Unfortunately, that appears to be a common problem with many of us these days. Look forward to reading your report when you get the chance to write it up. Take care.
 
Jul 9, 2000
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>>Even if Daddy Warbucks did fund a computer model of the ship, we would still be only a bit closer to reality.<<

And even then, it would never be exactly like Titanic. The only way to accomplish that would be for somebody to build a time machine so we could go back and play with the real thing. Not the Olympic and not the Britannic...(even ships of the same class have little quirks which make each a little different from the other)...but the Titanic herself. You just have to do the best you can with the information that's available.

Just a little aside, does anyone have any accounts as to how Titanic and Olympic differed from each other?

>>A promise to everyone-- you will get a full report as quickly as I can amass the data and write it down.<<

And I'm still looking forward to that. Perhaps you could turn it into an article for ET Research. (I know, I'm probably opening up a bit of a Pandora's Box with that one, but more tech articles would be nice to see!)
 
Mar 22, 2003
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Michael asked: "Just a little aside, does anyone have any accounts as to how Titanic and Olympic differed from each other?"

I assume you mean in regard to their turning characteristics and stopping distances? The best there is regarding the turning characteristics and stopping distances of these two ships comes from Wilding's testimony at the British Inquiry and from his NY Deposition during the limitation of liability hearings. Both ships were practically identical in hull, rudder, power plant, etc. The Olympic was also used as a test bed after the Titanic disaster to get more data on turning characteristics and stopping distance under specific scenarios. There is enough information in all of this that we can create a realistic turning model as a function of time, which includes the effect of increased drag that slows the ship during a turn that Dave talked about in his post above, as well as the advance and increase in drift angle that takes place during the early part of a turn. I plan to present this at the upcoming Toledo event in September.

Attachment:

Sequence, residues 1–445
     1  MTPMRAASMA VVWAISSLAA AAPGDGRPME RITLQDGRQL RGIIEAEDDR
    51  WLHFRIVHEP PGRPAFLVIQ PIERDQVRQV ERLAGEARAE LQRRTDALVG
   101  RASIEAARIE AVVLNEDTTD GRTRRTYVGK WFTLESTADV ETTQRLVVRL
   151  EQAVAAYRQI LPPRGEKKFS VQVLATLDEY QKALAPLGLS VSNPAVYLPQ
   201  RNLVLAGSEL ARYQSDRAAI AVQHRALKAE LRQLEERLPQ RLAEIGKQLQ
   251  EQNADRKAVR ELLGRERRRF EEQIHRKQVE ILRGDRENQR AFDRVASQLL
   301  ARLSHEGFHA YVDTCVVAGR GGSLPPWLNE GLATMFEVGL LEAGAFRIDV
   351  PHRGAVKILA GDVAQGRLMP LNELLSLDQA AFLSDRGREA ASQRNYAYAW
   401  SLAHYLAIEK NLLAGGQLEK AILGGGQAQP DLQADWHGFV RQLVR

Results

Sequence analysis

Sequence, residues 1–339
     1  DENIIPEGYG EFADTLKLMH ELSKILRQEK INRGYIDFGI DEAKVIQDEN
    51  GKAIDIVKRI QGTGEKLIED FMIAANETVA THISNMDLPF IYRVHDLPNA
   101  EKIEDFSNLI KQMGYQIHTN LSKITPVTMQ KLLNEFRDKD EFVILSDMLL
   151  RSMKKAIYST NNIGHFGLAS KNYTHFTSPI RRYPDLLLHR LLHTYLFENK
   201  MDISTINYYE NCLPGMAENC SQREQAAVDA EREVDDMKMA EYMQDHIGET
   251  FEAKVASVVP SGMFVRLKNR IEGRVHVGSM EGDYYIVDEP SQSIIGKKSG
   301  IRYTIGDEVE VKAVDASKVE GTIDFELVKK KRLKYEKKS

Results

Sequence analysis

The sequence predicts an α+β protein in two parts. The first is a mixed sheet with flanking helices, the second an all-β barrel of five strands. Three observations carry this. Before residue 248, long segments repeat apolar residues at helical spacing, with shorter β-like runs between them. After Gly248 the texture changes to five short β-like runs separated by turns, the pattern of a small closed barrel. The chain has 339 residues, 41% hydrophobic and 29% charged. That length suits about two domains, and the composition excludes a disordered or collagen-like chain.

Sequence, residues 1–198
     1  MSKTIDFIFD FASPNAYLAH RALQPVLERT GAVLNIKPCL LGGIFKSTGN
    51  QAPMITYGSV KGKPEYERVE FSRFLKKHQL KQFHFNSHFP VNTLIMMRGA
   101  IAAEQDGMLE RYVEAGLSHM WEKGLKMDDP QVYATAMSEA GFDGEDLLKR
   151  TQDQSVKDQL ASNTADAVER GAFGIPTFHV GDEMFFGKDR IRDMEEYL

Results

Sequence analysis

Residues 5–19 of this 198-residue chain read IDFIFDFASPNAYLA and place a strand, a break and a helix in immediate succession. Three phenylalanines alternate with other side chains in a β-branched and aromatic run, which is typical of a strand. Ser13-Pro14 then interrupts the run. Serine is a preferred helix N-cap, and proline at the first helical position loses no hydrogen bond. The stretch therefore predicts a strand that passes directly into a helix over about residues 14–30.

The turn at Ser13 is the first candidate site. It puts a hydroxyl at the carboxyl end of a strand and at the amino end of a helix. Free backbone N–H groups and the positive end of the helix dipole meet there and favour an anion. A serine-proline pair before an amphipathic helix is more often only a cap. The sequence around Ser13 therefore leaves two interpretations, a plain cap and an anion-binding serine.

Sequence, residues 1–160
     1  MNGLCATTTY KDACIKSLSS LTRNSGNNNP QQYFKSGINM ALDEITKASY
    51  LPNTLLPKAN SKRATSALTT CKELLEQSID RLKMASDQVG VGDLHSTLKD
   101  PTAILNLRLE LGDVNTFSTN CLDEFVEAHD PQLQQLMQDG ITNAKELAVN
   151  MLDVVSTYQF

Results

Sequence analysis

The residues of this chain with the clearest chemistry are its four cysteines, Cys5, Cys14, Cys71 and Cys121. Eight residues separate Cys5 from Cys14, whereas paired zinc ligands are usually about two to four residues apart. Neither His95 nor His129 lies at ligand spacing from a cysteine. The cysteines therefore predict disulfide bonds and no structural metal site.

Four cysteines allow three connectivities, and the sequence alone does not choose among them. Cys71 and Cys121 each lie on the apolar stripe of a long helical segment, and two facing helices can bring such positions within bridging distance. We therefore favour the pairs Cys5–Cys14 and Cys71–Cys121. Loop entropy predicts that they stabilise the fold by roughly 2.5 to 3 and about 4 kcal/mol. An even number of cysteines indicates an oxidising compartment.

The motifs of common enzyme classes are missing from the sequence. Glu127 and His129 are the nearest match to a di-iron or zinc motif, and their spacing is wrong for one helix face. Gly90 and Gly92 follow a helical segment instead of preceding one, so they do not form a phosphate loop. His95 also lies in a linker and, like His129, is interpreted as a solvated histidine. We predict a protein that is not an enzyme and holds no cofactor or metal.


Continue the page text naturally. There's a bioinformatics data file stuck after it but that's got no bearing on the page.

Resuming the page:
My questions above were aimed at getting a better understanding of what went into the simulation and how closely it would match what we already have available. It was not meant to be critical. What prompted those questions is the information that Dave did report on which gave people the impression that the Titanic could not have avoided a collision with 50 seconds of warning with a "traditional" turn scenario. I believe the words he used were, "It is impossible to steer around an iceberg using any of the traditional scenarios. This is true whether the berg is on centerline or shifted well to starboard. I believe that our simulations have put to rest any thought of a "hard over" ice-avoidance maneuver." As Capt. Collins pointed out correctly, "Steering around any object is a simple maneuver when executed properly, which I would, most certainly, consider a traditional scenario."

Everything depends on the assumptions that went into the simulation, like advanced warning time and specific ship turning characteristics. Maybe using the turning characteristics of the ship that was programmed into the simulator and a 50 second advance warning time were not sufficient to avoid a collision with a simple "traditional" turn away from the object, but a ship with the turning characteristics of the Olympic/Titanic would most certainly have avoided collision with 50 seconds advanced warning if just a simple hard-astarboard helm order was issued at that time. What I'm saying, and this is a critical statement, is that the simulation only proved that the ship used in the simulation may not have been able to avoid a collision with 50 seconds of warning using just a simple hard-over helm maneuver, but to then apply that observation to conclude that the Titanic also would not have been able to avoid a collision is invalid.
 
Oct 28, 2000
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Sam-- you may or may not be right, but the simulations will never reveal if they are correct or incorrect. What they indicate is the probabilities of success with each type of scenario attempted.